Figure 3-14. Encrypting the parent folder as well as the file

Note that you won't be able to encrypt every file on your system. Files that have the System attribute, as well as files located in C:\Windows and its subfolders can't be encrypted.

3.7.2 Decrypting Files and Folders

You decrypt files and folders in the same way that you encrypted them. Right-click on the file or folder, choose Properties Advanced, clear the check from the box next to "Encrypt contents to secure data," and click OK and then OK again.

3.7.3 Letting Others Use Your Encrypted Files

When you encrypt files, you can still share them with others and let them use them as if they were not encrypted?what XP calls "transparently." You'll be able to share them this way only with others users on the same computer or with others on your network. You designate who can use the files and who can't. To allow specified people to use your encrypted files, right-click on an unencrypted file and choose Properties General Advanced. The Advanced Attributes dialog box appears. Click Details. The Encryption Details dialog box appears, as shown in Figure 3-15. It lists all the users who are allowed to use the file transparently. Click Add.

Figure 3-15. The Encryption Details dialog box

The Select User dialog box appears. Choose the user you want to be able to use your encrypted files, and click OK. Only users who have Encrypting File System certificates on the computer will show up on this list. The easiest way for someone to create a certificate is to encrypt any file; that automatically creates a certificate.

3.7.4 Encrypting and Decrypting from the Command Line

If you prefer the command line to a graphical interface, you can encrypt and decrypt using the cipher.exe command-line tool. To find out the current state of encryption of the directory you're in, type cipher without parameters at a command prompt. cipher tells you the state of the directory. For individual files, it lists a U next to files that are not encrypted, and an E next to those that are encrypted.

When used with parameters, cipher can encrypt and decrypt files and folders, show encryption information, create new encryption keys, and generate a recovery agent key and certificate.

To encrypt or decrypt a folder or file, use the complete path, filename (if you're acting on a file), and any appropriate switches, as outlined in Table 3-6. The /E switch encrypts folders or files, and the /D switch decrypts them. To perform the task on multiple folders or files, separate them with single spaces. For example, to encrypt the \Secret and \Topsecret folders, issue this command:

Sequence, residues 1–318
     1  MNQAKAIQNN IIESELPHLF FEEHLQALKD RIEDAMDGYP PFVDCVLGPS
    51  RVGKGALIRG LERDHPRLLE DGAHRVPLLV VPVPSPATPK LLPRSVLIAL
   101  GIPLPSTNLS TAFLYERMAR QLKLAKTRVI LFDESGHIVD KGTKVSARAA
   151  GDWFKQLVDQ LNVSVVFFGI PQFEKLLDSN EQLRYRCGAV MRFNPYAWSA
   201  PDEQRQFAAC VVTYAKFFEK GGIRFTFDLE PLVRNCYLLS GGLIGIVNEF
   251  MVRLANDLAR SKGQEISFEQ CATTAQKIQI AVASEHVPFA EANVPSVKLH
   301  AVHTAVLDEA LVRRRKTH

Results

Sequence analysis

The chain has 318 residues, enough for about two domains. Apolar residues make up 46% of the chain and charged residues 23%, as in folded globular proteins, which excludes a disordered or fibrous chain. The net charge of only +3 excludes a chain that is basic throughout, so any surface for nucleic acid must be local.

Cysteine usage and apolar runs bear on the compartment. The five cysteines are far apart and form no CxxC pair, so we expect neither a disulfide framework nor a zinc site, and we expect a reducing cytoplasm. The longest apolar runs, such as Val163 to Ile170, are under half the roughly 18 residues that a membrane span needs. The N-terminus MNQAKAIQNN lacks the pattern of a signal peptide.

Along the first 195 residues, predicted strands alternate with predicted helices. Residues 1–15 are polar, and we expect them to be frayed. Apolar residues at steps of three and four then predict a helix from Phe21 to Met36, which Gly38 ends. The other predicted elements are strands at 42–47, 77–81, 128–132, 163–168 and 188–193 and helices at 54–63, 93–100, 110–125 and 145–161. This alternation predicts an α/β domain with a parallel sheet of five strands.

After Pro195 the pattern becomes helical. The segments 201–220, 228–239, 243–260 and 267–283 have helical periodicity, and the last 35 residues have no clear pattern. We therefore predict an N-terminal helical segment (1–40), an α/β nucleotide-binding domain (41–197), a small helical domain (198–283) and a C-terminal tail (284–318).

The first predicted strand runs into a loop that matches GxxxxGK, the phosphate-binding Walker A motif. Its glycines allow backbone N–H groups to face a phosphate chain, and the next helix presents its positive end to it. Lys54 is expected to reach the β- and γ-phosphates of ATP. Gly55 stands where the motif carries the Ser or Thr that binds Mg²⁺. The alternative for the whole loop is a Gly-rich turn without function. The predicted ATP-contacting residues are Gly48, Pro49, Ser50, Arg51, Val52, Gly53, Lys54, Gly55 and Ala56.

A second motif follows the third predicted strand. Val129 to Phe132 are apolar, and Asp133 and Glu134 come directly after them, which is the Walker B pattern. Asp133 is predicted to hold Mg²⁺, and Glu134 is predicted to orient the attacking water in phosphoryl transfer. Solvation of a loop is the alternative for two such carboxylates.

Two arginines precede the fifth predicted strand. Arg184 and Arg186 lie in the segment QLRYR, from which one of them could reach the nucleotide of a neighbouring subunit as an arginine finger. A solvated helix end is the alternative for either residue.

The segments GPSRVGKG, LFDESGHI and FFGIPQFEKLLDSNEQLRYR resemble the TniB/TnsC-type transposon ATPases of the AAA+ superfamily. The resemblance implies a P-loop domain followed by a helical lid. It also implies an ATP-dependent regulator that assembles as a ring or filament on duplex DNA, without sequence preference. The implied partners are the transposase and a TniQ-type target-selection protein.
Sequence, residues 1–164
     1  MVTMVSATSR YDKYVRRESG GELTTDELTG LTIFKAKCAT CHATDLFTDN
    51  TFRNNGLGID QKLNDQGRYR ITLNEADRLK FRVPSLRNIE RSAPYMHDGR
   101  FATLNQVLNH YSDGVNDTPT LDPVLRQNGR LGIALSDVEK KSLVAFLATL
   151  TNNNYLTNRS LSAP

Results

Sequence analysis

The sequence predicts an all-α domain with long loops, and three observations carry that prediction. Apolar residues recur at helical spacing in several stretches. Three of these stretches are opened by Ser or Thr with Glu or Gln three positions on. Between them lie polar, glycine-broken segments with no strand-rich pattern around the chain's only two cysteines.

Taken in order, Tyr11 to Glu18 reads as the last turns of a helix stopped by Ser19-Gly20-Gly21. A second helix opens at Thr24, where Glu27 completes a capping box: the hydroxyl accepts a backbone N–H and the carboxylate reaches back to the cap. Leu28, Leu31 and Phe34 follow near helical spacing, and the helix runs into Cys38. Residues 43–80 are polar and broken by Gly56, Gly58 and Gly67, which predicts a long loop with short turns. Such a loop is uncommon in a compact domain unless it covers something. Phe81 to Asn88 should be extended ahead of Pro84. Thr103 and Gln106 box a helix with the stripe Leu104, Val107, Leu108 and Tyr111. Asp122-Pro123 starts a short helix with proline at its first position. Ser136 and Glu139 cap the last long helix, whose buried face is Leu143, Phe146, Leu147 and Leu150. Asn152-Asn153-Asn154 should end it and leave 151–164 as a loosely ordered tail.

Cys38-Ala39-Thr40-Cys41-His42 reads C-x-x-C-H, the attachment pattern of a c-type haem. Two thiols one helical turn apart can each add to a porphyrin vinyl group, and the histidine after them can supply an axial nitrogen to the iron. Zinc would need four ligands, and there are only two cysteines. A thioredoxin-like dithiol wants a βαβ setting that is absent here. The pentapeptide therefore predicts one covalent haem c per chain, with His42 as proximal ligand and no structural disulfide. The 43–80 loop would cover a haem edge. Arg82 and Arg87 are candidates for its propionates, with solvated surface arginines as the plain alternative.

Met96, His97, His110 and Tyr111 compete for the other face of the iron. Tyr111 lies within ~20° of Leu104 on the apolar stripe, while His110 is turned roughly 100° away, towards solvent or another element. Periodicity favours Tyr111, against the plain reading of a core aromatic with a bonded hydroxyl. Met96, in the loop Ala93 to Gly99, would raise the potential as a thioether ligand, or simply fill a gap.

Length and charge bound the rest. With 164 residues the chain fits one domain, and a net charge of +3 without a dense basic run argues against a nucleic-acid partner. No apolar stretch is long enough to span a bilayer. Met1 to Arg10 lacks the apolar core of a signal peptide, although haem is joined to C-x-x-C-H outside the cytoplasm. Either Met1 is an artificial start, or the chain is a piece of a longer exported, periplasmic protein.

cipher /E \Secret \Topsecret

Note that you can use wildcards with the cipher command. Using the command line instead of the graphical interface is particularly useful for performing bulk or batch operations?for example, simultaneously encrypting or decrypting multiple folders or files, or types of files within folders. Let's say, for example, you want to encrypt every .doc file in the \Secret and \Topsecret folders, but not touch any other files in those folders. You issue this command:

cipher /E  /A \Secret\*.DOC  \Topsecret\*.DOC

Table 3-6 lists the most useful command-line switches for cipher. For more help, type cipher /? at the command line.

Table 3-6. Command-line switches for cipher


What it does


Acts on individual files within folders.


Decrypts the specified folder.


Encrypts the specified folder.


Forces encryption on all specified objects, including those that have already been encrypted.


Displays all files in a folder, including those that have hidden or system attributes. By default, hidden or system attributes are not displayed when using the cipher command.


Continues to perform the specified operation, even if errors are encountered. By default, cipher halts when errors are encountered.


Creates a new file encryption key for the user running cipher. If this option is chosen, all the other options will be ignored.


Generates an EFS recovery agent key and certificate, then writes them to a .pfx file (containing the certificate and a private key) and a .cer file (containing only the certificate).


Performs the operation on the folder and all its subfolders.


Updates the user's file encryption key or recovery agent's key on every encrypted file.

/U /N

Lists every encrypted file and does not update the user's file encryption key or recovery agent's key.


Lists only basic information about the file or folder.


Wipes data from available, unused disk space on the drive. Normally, when a file is deleted in XP, only the entry in the filesystem table is deleted; the data itself remains untouched until another file overwrites it. This switch deletes all the data in those previously deleted files. It does not harm existing data.